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Egypt importing meat, poultry from Russia is a political step - Daily News Egypt

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Egypt importing meat, poultry from Russia is a political step

Brazil has best quality at best prices; Russia cannot export a commodity it imports

Egypt’s Ministry of Agriculture and Land Reclamation approved 13 slaughterhouses in Russia to start importing meat and poultry on 7 October. The step is a first, as Egypt has never imported similar commodities from Russia before.

The step comes amid efforts to increase trade between both countries, according to the ministry’s announcement, following Russia’s lift of the ban on importing Egyptian agricultural products.

Experts see the approval as a step towards improving the political relationship between Egypt and Russia before the economic one.

Samir Sweilam, president of the Meat Importers Association, said that the government wants to pave the way forwards in its relationship with Russia. He believes that this is “one of the ways” Egypt would not utilise immediately, because Russia already imports meat and poultry from different countries.

Sweilam said that Russia cannot export what it already needs, explaining that Russia is not self-sufficient in meat and poultry.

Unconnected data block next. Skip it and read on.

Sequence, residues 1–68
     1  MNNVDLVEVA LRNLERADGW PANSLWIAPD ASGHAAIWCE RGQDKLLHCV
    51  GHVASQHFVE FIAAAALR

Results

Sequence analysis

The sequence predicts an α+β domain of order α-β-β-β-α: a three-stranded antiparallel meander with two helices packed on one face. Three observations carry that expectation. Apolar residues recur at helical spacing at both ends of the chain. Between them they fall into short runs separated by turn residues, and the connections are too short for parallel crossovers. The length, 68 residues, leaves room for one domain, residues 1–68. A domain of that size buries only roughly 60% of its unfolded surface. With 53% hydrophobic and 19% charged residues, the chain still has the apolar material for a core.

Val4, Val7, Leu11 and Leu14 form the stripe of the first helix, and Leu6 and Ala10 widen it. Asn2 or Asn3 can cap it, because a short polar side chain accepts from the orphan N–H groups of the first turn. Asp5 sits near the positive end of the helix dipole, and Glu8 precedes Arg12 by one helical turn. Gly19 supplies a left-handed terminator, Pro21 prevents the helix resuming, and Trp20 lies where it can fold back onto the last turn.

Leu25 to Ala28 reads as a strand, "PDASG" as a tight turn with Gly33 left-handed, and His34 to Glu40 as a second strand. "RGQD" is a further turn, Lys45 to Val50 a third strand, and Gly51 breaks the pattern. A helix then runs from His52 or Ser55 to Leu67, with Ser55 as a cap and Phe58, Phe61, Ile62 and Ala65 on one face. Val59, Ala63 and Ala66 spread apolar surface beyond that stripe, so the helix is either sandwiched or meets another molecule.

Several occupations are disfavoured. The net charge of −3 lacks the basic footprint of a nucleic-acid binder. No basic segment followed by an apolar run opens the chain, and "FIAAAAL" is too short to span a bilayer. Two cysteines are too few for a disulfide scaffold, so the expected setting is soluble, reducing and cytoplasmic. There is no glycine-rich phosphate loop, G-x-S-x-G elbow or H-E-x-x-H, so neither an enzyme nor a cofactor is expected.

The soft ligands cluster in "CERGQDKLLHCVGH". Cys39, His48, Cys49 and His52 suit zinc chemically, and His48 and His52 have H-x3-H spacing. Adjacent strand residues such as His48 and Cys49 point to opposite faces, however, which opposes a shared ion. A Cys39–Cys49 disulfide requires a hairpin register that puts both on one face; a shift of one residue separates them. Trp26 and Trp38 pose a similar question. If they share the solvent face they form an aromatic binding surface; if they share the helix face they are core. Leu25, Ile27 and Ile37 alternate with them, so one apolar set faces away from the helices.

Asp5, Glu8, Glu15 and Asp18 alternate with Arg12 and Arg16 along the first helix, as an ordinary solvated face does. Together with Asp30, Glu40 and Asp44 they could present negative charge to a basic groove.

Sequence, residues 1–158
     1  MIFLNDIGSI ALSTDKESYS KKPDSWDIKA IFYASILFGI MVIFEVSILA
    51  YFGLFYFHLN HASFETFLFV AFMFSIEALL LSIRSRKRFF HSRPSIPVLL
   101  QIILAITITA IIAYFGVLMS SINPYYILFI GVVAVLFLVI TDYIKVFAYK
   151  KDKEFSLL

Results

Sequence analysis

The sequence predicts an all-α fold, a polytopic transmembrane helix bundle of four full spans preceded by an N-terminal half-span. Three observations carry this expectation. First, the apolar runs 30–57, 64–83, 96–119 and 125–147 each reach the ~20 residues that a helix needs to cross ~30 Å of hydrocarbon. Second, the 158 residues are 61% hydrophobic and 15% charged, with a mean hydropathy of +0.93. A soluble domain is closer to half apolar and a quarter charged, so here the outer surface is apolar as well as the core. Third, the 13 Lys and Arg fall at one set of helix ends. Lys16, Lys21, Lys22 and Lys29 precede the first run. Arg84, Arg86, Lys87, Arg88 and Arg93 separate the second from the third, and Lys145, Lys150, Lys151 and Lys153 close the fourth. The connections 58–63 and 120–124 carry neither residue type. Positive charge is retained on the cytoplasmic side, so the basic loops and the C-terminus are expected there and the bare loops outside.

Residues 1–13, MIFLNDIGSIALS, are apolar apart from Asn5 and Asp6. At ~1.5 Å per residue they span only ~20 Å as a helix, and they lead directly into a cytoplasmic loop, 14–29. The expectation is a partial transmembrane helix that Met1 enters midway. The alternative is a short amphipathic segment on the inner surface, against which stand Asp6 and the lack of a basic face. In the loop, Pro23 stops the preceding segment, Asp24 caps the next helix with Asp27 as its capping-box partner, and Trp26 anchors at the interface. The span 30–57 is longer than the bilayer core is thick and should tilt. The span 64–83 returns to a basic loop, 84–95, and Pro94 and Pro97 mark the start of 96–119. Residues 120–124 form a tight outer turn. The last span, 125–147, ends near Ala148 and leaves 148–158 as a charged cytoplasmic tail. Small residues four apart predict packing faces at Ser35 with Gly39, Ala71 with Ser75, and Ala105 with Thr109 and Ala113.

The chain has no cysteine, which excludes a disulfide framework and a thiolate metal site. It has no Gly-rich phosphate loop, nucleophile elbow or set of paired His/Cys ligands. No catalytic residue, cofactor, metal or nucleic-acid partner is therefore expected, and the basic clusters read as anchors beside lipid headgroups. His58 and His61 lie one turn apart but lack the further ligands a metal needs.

According to the Observatory of Economic Complexity, Russia imported animal products for $12.7bn, of which 33.4% were meat products and 6.8% were poultry products.

“Brazilian meat and poultry have the best quality at the best prices,” said Mohamed Ryhan, a member of the butchers division at the Cairo Chamber of Commerce.

He noted that Brazilian animal food products are of premium quality, adding that it is the first time for him to hear that Egypt would import meat or poultry from Russia.

On another note, the Food and Agriculture Organisation’s Meat Price Index averaged 163.5 points in September, essentially unchanged from August.  Since January, when it hit a 5-year low, the index has risen by 12.6%.

The largest increase of the year so far has been recorded for pork, followed by ovine [lamb and mutton] and poultry, while bovine meat experienced only a limited rise.  Firm international demand, in particular from Asia, underpinned pork and poultry prices, while reduced international supplies reinforced those of ovine meat.

Meanwhile, a recovery in bovine meat production in the US has reduced the need for imports, contributing to a restrained international price increase for this commodity.


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